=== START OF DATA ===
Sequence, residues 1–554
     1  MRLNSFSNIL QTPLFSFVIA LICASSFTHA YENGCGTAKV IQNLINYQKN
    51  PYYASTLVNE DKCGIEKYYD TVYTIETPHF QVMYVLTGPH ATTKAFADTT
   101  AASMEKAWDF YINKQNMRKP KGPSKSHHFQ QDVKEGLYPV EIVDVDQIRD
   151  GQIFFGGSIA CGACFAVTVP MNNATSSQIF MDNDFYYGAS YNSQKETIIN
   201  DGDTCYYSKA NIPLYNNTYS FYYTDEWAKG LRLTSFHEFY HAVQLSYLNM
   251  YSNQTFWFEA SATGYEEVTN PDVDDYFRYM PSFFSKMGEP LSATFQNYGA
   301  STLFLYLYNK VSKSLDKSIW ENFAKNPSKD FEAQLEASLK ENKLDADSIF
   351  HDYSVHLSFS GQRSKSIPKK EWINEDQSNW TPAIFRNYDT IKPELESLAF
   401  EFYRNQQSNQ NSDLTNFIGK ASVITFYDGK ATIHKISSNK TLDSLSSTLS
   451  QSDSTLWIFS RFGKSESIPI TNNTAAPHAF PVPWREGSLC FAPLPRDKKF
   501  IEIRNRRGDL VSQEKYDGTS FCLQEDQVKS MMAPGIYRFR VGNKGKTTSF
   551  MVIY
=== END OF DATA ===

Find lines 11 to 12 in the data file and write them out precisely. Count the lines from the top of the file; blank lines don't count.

   451  QSDSTLWIFS RFGKSESIPI TNNTAAPHAF PVPWREGSLC FAPLPRDKKF
   501  IEIRNRRGDL VSQEKYDGTS FCLQEDQVKS MMAPGIYRFR VGNKGKTTSF